A couple of months ago, my housemate Sophie and I were heading down to our local Morrison’s (this isn’t part of the story, but I just want to say that Morrison’s is a pretty great supermarket) and it was fairly late in the day. It was the end of summer, so it still stayed light pretty late, but it was already dark.

As we approached the entrance, a gang of young teenagers started yelling nonsense at the pair of us. To be honest, I didn’t really even register that the shouts were directed at us – I just thought they were making mindless youthful noises, but as it turns out, they were shouting ‘shorty’ at Sophie who, depending on what you classify as tall and what you classify as short, could possibly be described as short.

After picking up some delicious items of food for sale, it was time to head home. Our antagonists for the evening were still circling around on their bikes and the ringleader in the anti-social circus started shouting ‘shorty’ once again.

“You’re about twelve,” said Sophie. “I don’t care what you say.”

“I’m not twelve,” he protested.

“Yes, Sophie,” I interjected, “he’s obviously not twelve. You can tell he’s only seven.”

And we kept on our way. However, for some reason, this young child continue to shout words at us.

“If you have a problem with me,” said Sophie, “come and say it to my face – don’t just shout from a distance.”

I admired her resilience. As we came around the corner, so did the teenager – evidently he had decided to take up Sophie’s offer to come and say his nonsense to her face.

He rolled up on his bike and Sophie grabbed hold of the handle. “Do you have a problem with me?” she asked.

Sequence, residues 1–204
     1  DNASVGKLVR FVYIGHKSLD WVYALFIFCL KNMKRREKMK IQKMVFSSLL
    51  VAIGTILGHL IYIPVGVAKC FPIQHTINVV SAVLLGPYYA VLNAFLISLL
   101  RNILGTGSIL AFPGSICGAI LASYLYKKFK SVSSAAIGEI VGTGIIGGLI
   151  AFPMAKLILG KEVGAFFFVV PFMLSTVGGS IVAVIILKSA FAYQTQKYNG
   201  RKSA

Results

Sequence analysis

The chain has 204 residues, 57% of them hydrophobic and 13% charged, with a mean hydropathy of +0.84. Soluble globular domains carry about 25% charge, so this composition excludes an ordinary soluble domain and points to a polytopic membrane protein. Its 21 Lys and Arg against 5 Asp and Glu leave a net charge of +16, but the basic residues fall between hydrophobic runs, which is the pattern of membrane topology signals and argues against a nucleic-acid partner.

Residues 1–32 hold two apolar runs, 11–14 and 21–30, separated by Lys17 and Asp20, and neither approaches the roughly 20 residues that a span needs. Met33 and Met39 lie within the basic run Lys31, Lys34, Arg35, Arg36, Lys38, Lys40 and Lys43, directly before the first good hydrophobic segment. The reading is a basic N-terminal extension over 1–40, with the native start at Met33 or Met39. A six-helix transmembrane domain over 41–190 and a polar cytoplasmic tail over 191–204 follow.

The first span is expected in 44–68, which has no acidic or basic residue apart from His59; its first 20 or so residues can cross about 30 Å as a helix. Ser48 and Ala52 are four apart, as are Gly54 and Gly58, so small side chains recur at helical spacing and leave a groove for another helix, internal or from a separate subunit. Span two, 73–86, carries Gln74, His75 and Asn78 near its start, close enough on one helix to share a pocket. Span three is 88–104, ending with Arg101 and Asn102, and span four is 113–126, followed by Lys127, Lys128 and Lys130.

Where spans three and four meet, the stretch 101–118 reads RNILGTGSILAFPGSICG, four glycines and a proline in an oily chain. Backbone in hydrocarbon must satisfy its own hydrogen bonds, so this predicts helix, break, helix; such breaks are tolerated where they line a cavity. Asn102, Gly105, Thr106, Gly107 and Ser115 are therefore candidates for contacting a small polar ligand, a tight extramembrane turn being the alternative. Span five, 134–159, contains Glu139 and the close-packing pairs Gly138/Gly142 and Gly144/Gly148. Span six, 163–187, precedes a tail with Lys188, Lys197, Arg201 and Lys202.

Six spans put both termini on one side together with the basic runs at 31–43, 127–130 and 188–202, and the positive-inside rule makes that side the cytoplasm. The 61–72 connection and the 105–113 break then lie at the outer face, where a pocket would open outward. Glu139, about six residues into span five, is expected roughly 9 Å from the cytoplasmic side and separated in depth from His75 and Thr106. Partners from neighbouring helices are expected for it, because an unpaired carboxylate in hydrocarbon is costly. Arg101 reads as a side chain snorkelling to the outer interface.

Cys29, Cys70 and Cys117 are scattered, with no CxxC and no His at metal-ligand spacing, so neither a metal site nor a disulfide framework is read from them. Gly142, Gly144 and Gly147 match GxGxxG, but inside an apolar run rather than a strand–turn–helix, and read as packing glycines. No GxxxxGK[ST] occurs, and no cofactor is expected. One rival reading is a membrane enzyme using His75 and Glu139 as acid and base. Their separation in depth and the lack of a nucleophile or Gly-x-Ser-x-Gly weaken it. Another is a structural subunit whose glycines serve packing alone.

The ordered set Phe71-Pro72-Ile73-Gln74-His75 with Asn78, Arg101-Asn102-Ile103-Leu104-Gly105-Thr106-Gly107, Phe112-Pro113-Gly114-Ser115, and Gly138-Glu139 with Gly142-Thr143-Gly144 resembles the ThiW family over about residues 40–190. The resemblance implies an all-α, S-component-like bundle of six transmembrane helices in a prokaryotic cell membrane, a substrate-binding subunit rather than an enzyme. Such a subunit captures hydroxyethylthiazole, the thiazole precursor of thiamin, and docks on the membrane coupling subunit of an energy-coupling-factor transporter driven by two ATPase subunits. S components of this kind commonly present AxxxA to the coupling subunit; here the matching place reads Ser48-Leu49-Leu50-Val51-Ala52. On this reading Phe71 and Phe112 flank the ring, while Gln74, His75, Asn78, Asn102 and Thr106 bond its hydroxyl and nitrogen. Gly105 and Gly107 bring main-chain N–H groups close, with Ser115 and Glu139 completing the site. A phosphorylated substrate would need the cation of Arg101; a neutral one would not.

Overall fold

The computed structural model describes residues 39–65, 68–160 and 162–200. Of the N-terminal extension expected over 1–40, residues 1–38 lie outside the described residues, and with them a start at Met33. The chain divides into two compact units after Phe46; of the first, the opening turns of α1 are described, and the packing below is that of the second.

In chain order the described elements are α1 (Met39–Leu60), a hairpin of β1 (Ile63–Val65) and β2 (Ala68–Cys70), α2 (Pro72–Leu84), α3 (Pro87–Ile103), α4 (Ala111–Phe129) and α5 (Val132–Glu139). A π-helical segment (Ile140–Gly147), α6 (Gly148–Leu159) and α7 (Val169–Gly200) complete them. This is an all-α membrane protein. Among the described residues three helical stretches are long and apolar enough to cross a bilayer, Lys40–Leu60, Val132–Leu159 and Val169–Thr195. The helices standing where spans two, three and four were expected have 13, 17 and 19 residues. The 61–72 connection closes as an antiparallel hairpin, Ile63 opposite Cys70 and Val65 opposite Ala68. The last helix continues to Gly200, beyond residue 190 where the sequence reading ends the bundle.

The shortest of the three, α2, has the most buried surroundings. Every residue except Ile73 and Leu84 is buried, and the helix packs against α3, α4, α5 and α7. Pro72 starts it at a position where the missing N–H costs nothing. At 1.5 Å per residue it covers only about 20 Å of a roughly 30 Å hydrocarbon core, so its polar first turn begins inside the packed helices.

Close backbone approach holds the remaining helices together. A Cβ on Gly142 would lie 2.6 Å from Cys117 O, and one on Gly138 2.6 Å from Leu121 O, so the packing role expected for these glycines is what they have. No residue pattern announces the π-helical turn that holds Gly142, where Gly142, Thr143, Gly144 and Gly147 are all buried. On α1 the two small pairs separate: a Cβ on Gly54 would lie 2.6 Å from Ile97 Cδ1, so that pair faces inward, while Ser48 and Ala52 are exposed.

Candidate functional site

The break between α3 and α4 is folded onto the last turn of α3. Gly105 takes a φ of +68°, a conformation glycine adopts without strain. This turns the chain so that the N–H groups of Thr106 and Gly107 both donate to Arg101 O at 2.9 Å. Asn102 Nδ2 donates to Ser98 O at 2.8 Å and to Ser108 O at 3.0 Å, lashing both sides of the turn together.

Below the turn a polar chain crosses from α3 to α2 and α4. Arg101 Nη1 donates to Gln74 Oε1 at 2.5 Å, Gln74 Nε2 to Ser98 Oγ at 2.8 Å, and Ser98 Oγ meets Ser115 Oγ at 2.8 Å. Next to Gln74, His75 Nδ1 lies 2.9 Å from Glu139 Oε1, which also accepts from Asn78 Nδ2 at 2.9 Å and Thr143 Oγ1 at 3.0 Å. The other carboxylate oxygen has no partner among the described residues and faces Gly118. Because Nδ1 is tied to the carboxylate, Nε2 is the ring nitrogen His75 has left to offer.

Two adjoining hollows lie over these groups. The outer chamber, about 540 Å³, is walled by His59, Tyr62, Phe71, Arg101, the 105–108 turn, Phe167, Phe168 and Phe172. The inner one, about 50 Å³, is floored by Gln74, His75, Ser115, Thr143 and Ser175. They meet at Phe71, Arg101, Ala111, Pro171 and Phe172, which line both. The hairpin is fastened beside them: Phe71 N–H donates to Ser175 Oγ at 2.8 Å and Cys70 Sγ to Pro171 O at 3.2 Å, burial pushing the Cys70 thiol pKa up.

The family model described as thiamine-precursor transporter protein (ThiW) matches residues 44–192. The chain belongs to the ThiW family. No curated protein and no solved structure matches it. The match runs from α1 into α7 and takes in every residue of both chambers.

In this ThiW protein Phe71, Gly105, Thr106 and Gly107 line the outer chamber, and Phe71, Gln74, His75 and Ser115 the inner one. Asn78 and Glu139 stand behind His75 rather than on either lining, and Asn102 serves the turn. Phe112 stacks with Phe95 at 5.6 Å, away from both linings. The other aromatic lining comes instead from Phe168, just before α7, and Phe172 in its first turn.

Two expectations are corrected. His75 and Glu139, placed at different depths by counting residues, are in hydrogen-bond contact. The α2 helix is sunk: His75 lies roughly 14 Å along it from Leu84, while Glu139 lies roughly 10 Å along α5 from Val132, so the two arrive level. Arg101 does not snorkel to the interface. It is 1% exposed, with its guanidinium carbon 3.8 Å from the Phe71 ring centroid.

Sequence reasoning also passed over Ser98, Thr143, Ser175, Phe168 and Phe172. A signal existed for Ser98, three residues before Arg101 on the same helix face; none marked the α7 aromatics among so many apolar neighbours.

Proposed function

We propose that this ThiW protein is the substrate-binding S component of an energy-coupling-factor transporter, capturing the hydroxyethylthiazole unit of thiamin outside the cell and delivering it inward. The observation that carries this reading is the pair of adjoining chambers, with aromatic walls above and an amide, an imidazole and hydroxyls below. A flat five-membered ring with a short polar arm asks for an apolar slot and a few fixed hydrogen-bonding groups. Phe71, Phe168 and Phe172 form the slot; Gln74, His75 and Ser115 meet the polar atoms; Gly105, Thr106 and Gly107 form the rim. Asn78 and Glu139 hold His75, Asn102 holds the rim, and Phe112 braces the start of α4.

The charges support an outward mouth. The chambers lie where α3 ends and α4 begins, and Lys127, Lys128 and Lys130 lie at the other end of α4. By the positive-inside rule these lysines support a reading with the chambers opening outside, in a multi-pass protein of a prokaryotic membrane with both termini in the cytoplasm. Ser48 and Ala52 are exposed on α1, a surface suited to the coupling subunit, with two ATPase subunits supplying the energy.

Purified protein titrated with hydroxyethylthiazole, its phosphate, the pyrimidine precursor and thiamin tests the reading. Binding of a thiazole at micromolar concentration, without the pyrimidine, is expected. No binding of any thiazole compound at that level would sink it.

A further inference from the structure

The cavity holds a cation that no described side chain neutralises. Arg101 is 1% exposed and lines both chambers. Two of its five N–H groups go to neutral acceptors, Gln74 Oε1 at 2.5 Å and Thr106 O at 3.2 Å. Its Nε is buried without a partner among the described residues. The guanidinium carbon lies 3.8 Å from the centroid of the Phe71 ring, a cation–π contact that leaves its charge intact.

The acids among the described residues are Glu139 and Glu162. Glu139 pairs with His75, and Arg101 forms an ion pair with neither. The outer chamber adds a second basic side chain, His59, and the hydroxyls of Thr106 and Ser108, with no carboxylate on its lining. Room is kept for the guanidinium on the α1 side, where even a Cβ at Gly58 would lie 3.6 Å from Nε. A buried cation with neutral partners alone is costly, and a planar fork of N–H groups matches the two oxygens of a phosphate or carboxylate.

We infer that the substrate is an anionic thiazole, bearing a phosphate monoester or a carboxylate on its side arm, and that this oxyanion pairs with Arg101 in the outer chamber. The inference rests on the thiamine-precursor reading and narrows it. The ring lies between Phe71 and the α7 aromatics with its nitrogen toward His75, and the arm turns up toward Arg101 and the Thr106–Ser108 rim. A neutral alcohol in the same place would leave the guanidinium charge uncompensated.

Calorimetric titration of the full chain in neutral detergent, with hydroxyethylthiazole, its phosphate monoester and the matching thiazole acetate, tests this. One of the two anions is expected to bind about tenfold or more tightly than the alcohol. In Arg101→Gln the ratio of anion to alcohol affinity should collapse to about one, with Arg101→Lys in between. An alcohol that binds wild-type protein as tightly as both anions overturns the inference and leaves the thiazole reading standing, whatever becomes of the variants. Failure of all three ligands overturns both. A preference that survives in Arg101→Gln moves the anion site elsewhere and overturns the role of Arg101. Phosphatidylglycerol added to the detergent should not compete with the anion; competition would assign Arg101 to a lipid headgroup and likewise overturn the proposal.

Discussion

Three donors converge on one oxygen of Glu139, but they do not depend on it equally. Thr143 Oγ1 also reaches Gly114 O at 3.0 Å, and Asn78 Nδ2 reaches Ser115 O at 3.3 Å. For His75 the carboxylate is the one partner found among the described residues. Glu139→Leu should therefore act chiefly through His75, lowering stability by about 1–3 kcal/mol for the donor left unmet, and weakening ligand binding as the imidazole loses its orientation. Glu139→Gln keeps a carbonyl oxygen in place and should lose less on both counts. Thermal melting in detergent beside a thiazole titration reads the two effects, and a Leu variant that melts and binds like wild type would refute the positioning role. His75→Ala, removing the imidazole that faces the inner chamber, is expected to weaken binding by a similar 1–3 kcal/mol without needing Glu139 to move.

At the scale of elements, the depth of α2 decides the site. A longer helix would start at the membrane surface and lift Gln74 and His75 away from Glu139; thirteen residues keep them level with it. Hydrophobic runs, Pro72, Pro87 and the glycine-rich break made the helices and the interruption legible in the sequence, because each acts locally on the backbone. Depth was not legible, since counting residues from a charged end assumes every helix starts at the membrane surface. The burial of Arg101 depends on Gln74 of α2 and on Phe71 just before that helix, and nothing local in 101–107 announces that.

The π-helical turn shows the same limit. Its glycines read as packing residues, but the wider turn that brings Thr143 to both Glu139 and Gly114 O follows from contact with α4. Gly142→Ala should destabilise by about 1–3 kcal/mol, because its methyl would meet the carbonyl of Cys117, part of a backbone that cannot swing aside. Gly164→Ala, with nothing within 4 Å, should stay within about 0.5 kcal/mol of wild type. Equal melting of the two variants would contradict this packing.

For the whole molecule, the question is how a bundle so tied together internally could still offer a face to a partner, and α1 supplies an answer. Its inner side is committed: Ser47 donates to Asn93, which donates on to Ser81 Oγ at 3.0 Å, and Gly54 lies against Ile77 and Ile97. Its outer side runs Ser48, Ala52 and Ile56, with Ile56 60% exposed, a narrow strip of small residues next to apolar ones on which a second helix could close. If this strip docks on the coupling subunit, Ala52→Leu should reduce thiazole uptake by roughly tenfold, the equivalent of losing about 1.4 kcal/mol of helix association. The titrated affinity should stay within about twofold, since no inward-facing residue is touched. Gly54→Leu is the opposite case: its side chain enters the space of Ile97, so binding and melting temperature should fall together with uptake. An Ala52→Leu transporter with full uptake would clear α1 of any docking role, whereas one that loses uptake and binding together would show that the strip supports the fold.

Now that the space between them was very limited and she had laid hands on his bike, his confident demeanor left him instantly

“You can’t hit me,” he kept repeating. “Don’t touch me. I’m just a kid.”

He stammered incoherently for a while, so I thought that it would be a good idea to play the good cop to Sophie’s bad.

“As an impartial passer-by,” I said, “might I interject? Nobody’s going to get hit today.”

He looked up at me with vacant, uncomprehending eyes.

“I don’t think it was very nice of you to shout things at my friend,” I said. “Also, have you considered that what you said was very ironic? You called her ‘shorty’ while you yourself are the very same height.”

“Nah, nah, nah,” he said. “I’m just a kid. You can’t touch me.”

Clearly, Sophie’s assertive response to him and rendered him completely senseless. A few moments later he was speeding away in the opposite direction on his bike.

I’m sure he thought twice before the next time he shouted abuse at a random stranger. Our work was done. We made a good vigilante team of good cop, bad coppers and I look forward to conforming many more villains and delinquents in the future.

Who knows? Maybe the next person he would have called ‘shorty’ (if not for us) would have been a drug baron who then riddled his small body with bullets from his tommy gun. A tragedy. We may have saved his life. I am sure once he receives his PhD in pediatrics in fifteen years time, he’ll wait outside Morrison’s to give us his thanks.

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